19th century

Agares is an infernal duke who commands 31 legions of lesser demons. When he appears, he rides a crocodile and carries a hawk. He teaches languages, finds runaways, causes earthquakes, and grants noble titles. Image: Dictionnaire Infernal, 1863


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Diagram from Crystal Gazing And The Wonders Of Clairvoyance by John Melville, 1896, that’s supposed to represent a “naturally” adept practitioner, unfortunately referencing phrenology. A reminder that occult sciences are not immune to the insidious effects of white supremacy. Source: archive.org


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Diagram of magickal instruments described in Trithemius’ Book of Secrets: a magic circle, crystal, the Holy Table of Arch Angel Michael, incense/herb burner, magic wand, and candles. From The Book of the Magi, Francis Barrett, 1896. Source: Wellcome Library


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A chart of characters used in Geomancy, a divination method that uses markings on the ground or tossing handfuls of earth, sand or rocks. These characters are identified in the arrangement and charts help interpret the meaning. From The Book of the Magi, Francis Barrett, 1896. Source: Wellcome Library


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In Irish folklore, a changeling is a fairy child that was left in place of a human child stolen by the fae. Changelings often appear exactly like a human children but with strange differences such as long teeth, a full beard, uncanny intelligence and odd behavior. Jinn from Arabic folklore are also known to steal human children and replace them with changelings. Image: Titania and the Changeling Child (detail) by John Anster Fitzgerald, 1832-1906

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The Björketorp runestone in Sweden is famous for being among the tallest in the world—and the ancient curse inscribed on it. The monument’s purpose is unknown, but the curse is clear: destroy the stone and be doomed, like the farmer who was burned alive trying to remove it. Image: Sveriges Montelius, 1877

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Man being persecuted by goblins and other spirits. From “Le serpent de la Genèse” (The Serpent of Genesis) Volume 1, by Stanislas de Guaita, 1920. Source: Embassy of the Free Mind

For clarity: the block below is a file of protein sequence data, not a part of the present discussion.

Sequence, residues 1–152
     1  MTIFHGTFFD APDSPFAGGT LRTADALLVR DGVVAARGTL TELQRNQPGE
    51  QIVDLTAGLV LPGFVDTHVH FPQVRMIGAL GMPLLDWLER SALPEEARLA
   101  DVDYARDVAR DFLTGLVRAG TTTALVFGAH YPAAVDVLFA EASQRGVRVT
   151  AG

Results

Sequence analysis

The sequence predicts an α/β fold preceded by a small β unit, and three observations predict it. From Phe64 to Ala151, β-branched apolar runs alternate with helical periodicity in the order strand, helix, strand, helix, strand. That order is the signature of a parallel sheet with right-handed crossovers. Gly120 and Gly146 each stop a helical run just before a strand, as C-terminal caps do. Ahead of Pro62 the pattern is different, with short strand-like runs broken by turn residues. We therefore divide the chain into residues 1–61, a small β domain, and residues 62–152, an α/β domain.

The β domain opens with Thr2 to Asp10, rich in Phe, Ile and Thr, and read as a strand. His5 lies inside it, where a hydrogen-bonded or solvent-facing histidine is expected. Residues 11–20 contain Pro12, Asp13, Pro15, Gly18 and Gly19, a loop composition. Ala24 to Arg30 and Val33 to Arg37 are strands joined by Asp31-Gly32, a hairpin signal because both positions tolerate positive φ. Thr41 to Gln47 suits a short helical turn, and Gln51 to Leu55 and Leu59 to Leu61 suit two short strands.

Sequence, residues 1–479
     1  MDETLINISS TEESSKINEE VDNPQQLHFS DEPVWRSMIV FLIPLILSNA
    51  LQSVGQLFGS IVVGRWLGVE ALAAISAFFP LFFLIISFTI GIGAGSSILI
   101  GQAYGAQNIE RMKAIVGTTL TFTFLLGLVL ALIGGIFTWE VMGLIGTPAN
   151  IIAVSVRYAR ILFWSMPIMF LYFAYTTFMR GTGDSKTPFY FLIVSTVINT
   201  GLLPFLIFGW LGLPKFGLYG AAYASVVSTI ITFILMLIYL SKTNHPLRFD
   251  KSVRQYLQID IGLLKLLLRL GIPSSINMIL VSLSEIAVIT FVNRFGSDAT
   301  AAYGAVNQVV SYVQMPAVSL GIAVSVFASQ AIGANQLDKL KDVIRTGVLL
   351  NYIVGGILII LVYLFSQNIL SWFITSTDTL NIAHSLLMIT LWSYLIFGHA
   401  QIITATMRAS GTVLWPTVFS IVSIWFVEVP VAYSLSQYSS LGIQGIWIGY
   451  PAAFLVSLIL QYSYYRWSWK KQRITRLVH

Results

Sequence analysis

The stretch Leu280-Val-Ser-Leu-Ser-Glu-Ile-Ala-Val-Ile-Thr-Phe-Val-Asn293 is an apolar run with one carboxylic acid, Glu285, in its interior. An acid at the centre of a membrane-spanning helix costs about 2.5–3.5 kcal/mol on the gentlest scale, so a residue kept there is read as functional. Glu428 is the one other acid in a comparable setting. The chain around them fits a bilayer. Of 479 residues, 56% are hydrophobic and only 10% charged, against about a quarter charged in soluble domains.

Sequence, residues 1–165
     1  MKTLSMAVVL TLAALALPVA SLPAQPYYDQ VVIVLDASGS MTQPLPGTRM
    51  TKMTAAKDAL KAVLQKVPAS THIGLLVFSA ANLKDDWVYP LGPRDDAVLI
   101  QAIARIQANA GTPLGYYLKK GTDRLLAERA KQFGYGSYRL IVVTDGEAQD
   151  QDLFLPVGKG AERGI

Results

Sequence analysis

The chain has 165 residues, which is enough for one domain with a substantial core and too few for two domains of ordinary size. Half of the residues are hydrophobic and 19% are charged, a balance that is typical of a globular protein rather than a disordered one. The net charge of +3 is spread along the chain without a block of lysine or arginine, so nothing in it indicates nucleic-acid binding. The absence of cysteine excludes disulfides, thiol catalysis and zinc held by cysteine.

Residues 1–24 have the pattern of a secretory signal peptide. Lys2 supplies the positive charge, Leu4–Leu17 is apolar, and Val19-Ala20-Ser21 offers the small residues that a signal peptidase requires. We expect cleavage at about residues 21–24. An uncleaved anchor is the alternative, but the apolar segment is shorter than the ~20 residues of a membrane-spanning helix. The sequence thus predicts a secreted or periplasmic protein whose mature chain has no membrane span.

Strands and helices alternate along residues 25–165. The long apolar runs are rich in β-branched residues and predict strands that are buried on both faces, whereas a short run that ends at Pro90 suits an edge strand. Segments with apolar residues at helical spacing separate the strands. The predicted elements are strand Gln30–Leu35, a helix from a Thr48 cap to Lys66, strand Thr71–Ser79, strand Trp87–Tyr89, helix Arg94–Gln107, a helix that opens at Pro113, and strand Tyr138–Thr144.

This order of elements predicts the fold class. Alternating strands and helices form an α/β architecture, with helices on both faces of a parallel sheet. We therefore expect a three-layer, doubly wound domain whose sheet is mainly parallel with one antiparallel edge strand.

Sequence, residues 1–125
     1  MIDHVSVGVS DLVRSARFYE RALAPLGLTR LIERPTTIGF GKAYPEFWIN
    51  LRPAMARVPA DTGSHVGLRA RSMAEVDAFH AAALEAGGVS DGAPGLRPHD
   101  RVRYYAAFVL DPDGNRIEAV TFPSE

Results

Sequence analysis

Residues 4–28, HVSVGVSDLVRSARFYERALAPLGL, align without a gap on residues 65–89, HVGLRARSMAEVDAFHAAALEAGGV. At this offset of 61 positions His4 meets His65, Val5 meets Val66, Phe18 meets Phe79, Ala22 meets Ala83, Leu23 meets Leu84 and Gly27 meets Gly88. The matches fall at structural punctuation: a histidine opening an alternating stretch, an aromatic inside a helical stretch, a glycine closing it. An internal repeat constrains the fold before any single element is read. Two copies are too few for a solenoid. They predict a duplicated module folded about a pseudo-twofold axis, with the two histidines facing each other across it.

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In an Indian folktale, a Bodhisatta, known as the Prince of the Five Weapons, meets a demon, known as The Demon with Matted Hair, in a forest. Before it could devour him, the prince defeats the demon with discourse and reason, and turns him benevolent. Image: John Batten, 1892

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The Dance of Death or (Danse Macabre) is an allegory used in art and literature, popular in the Late Middle Ages, that uses the personification of death to remind us that death unites us all, regardless of one’s station in life. Sources: The Dance of Death (1493) by Michael Wolgemut and “The dance of death in painting and in print” (1887) by T. Tindall Wildridge

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Marchosias is 35th of the 72 Spirits of Solomon, and a marquis who rules over 30 legions of lesser demons. He usually appears as a she-wolf with wings, but can take the form of a man. He’s said to be one of the several spirits who hopes to return to heaven. From Dictionnaire Infernal, 1863⠀


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Foras is a great president who commands twenty-nine legions of spirits. He can grant magicians wit, eloquence, and longevity. He’s known for teaching logic, ethics, and magical uses of herbs and precious stones. He also finds treasure and lost items. From Dictionnaire Infernal, 1863. ⠀


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